Drugs are everywhere in Tel Aviv, though curiously, drug-related crime and violence are not. “Hashish, coke, marijuana—everything happens in the Bubble,” chortles Danny Reichental, a 38-year-old musician. “It’s like eighties America here,” he adds. “We’re still living in Boogie Nights.”

Never mind the Jewish fundamentalists in nearby Jerusalem, raging with increasing fervor against secular Israelis like those at Cantina. Or the homemade Palestinian missiles landing a mere 25 miles away, or the violent clashes with Hezbollah, or the looming possibility of a nuclear conflict between Israel and its neighbors. (“That problem with Iran,” one Cantina regular muses, “what is it again?”) Even during last summer’s war with Lebanon—which killed 43 Israeli civilians and displaced 300,000, just a few dozen miles north of town—Bubble haunts like Riff Raff and the Notorious G.A.Y. never blinked. “We were turning people away at the door,” says Adam Horowitz, the Sid Vicious–skinny owner of the Breakfast Club, an after-hours Bubble bar. “People were still downing Red Bulls and vodka at seven in the morning.”

Tel Aviv didn’t invent the Bubble. Look back to Belgrade’s ethnic cleansing in the nineties, or to Bogotá’s narcoterror in the eighties, or to Beirut’s civil war in the seventies: Bubbles exist wherever and whenever militarized politics collides with restless individualism. But only in Israel have such forces been felt so intensely from Day One. For some in this fragile nation, born of war and surrounded by hostile neighbors, Tel Aviv has emerged as a refuge. “You come to understand that you can’t rescue the nation,” says 34-year-old Dotan Halbreich, whose restaurant empire is giving the Bubble a much-needed epicurean upgrade. “So you create a world where those problems are left outside—a place where you can just have a good time.”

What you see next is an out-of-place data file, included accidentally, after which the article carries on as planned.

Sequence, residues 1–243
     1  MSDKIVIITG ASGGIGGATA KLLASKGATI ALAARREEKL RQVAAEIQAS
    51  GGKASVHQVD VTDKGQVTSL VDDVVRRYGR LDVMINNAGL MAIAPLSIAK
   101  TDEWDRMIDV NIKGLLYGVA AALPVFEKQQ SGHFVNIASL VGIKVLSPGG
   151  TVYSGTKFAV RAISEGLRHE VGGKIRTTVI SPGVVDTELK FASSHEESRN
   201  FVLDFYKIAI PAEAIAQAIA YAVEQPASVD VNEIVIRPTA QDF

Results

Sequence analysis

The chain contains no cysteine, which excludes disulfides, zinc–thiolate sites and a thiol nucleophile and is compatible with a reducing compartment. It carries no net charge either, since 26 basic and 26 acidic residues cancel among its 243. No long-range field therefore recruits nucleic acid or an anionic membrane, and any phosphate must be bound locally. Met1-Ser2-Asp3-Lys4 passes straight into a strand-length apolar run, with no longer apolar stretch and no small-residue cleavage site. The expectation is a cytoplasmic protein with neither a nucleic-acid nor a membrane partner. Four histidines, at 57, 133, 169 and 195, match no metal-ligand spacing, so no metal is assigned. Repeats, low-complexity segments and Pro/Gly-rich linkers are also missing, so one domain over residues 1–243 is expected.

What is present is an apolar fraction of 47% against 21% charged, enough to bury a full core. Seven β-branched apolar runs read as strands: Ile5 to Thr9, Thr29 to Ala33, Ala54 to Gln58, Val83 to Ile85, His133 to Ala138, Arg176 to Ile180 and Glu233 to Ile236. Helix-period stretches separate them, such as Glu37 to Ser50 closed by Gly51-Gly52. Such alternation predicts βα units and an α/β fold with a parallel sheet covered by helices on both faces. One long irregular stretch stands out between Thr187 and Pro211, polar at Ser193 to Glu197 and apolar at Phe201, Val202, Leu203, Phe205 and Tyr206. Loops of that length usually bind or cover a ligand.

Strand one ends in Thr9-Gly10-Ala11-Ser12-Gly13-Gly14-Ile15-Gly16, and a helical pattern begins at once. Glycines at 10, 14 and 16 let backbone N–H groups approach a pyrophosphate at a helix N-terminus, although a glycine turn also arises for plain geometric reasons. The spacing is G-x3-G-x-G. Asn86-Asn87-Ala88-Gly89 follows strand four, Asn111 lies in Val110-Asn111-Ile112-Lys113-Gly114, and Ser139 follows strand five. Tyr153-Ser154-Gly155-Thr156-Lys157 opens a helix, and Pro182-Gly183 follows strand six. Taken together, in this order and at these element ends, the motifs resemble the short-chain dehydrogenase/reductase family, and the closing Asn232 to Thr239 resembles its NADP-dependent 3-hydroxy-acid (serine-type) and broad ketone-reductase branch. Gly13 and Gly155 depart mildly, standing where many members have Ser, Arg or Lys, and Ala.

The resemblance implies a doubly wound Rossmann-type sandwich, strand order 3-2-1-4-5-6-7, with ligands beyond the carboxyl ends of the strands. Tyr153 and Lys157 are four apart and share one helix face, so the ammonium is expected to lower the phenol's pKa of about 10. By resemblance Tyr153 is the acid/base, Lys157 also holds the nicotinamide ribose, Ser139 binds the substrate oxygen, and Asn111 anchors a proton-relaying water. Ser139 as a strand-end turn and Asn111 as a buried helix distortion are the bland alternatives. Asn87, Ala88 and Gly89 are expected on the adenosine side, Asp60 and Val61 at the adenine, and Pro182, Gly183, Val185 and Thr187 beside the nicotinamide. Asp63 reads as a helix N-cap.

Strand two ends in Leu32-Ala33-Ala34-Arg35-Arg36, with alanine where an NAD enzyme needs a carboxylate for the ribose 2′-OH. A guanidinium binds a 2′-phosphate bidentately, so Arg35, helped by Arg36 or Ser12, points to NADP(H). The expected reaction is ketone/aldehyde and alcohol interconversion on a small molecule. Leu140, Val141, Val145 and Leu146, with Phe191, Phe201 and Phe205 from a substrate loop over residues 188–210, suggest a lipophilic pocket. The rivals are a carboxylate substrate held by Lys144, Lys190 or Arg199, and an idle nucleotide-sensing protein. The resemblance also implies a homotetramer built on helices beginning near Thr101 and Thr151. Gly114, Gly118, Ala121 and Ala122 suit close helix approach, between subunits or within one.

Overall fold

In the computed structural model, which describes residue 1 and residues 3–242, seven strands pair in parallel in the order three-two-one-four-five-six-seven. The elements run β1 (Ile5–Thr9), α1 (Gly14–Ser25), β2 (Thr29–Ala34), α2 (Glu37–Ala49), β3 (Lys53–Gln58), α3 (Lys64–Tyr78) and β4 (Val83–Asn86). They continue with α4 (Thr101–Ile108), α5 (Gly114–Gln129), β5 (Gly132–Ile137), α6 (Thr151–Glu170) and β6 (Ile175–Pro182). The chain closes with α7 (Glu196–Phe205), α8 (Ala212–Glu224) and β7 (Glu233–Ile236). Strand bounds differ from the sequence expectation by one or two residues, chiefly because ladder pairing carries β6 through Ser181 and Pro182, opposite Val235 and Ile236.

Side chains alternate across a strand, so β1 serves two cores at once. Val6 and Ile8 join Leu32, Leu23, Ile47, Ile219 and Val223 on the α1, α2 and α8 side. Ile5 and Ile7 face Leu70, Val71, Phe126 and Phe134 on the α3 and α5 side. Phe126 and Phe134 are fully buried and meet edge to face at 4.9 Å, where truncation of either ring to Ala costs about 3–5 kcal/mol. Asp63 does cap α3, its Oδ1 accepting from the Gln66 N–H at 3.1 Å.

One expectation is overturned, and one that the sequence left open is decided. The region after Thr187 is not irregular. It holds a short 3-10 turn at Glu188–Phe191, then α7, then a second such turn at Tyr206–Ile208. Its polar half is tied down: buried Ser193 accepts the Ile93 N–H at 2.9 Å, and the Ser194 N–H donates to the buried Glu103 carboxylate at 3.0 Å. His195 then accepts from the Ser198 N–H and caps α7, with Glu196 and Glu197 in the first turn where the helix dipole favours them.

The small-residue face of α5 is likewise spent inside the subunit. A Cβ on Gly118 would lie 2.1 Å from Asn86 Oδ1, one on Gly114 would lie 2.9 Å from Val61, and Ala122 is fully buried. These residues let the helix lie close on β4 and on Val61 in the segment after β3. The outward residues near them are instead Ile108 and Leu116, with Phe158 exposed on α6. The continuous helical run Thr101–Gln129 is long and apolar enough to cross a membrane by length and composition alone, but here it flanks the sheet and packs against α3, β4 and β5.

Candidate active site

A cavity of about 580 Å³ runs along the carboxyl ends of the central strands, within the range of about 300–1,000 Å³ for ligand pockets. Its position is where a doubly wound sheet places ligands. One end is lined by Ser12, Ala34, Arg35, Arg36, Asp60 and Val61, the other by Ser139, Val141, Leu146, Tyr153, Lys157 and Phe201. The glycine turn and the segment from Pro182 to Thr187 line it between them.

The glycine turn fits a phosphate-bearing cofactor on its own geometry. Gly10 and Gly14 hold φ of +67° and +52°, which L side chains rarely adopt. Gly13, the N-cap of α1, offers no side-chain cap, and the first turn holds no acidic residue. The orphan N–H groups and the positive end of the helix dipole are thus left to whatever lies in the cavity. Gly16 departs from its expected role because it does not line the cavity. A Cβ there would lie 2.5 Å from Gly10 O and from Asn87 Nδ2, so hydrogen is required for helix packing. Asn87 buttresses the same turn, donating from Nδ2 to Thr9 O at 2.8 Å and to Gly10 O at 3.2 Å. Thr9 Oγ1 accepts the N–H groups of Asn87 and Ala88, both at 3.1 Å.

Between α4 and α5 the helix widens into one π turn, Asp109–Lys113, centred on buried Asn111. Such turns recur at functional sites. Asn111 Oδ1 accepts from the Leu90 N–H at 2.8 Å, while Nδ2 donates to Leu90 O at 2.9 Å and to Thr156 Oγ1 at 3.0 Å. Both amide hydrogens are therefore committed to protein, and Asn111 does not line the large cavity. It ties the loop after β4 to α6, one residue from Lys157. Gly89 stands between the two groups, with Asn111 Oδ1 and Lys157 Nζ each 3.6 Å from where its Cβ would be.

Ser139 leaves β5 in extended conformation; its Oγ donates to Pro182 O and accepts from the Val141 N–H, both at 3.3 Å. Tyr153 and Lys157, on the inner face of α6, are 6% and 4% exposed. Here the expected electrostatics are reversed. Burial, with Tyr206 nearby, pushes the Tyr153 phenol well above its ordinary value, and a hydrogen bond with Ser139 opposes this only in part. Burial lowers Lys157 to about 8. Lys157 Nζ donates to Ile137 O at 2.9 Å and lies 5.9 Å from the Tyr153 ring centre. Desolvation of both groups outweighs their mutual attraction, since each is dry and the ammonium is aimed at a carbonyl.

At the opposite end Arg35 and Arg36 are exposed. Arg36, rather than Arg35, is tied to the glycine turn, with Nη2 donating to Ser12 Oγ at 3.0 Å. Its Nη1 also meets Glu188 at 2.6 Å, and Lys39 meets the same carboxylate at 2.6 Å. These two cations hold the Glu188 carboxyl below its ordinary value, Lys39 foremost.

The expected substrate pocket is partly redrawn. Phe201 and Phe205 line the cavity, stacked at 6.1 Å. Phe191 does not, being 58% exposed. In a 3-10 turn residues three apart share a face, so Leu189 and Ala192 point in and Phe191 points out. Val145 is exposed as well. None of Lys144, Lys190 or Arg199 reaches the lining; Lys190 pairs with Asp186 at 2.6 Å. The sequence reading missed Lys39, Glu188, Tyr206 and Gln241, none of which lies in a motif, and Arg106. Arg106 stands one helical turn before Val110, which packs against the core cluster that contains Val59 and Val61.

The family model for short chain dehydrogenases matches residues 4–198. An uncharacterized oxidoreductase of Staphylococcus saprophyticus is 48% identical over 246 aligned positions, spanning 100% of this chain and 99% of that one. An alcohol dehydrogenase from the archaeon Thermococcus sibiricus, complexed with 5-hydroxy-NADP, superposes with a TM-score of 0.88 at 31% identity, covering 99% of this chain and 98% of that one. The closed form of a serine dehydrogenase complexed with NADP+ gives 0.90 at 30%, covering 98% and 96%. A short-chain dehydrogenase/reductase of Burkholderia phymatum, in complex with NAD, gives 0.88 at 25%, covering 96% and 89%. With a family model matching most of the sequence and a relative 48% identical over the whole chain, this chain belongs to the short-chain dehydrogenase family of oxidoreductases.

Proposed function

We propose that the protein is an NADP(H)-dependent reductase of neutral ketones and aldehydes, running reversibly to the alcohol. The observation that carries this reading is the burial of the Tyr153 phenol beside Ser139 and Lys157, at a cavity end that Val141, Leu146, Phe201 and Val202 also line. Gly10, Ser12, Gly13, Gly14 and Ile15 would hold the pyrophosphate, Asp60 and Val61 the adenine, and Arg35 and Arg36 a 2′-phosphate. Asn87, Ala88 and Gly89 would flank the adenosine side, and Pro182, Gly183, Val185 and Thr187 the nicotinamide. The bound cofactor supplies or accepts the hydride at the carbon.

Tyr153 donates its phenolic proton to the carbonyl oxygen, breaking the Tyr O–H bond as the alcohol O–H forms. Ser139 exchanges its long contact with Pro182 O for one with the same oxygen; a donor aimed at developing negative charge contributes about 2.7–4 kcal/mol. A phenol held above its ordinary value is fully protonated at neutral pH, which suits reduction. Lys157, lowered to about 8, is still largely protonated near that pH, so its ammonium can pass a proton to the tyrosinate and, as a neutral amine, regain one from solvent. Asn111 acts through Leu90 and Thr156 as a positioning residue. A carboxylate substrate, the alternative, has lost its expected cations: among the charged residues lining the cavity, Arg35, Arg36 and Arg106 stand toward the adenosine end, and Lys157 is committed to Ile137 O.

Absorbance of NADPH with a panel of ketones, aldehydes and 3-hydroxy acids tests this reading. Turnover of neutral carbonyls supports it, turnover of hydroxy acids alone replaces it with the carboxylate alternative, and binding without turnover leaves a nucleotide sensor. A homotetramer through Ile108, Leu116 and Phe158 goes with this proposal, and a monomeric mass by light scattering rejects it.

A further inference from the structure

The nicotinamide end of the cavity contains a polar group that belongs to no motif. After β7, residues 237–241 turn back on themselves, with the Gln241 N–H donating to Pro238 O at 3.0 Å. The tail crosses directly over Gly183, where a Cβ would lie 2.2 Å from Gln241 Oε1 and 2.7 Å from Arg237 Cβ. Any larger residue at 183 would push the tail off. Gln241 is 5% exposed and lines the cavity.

Naturally, many in Tel Aviv enjoy the Bubble horizontally. “Maybe because we really could die tomorrow,” says Uchovsky, “there’s this attitude of ‘Fuck it—let’s fuck.’” Gay, straight, bi, stilettos-and-whips—sex is just another exercise in escapism, a consequence-free contact sport. Add in the endless summer climate, and you begin to see the Bubble as one huge, horny steam bath. “Even at straight clubs, the bathroom floors are covered with condoms by 3 a.m.,” says Tomer (not his real name), 32, a gay army major who spent much of last summer commuting between the Lebanese battlefront and Tel Aviv’s homo after-parties. “It’s like a safari, a sex safari,” Reichental says. “You’re going to see action—it’s just a matter of time.”

Time stands still most afternoons at Shine, a café in the heart of central Tel Aviv’s historic Bauhaus district. A short stroll from what was until recently a gay sex club—and from the site of a bus bombing that killed 21 a decade ago—Shine has emerged as the headquarters of the Bubble’s next generation: a crowd of MySpace girls and YouTube guys, vegans and Vinyasa devotees, perfecting the art of the all-afternoon espresso. Clad in aviator glasses and oversize scarves worthy of the East Village, these café dwellers were tweens when the suicide bombings began ripping through nearby streets in the mid-nineties. Now they’re numb to their nation’s pain. In fact, some even dodged mandatory reserve duty during the war with Lebanon. While Hezbollah rockets were hitting Israel, the Bubble delighted in the escapism of public sex scandals, including a rape accusation against Moshe Katsav, Israel’s president, and a sexual-harassment charge against justice minister Haim Ramon, who allegedly gave a woman an unwanted French kiss.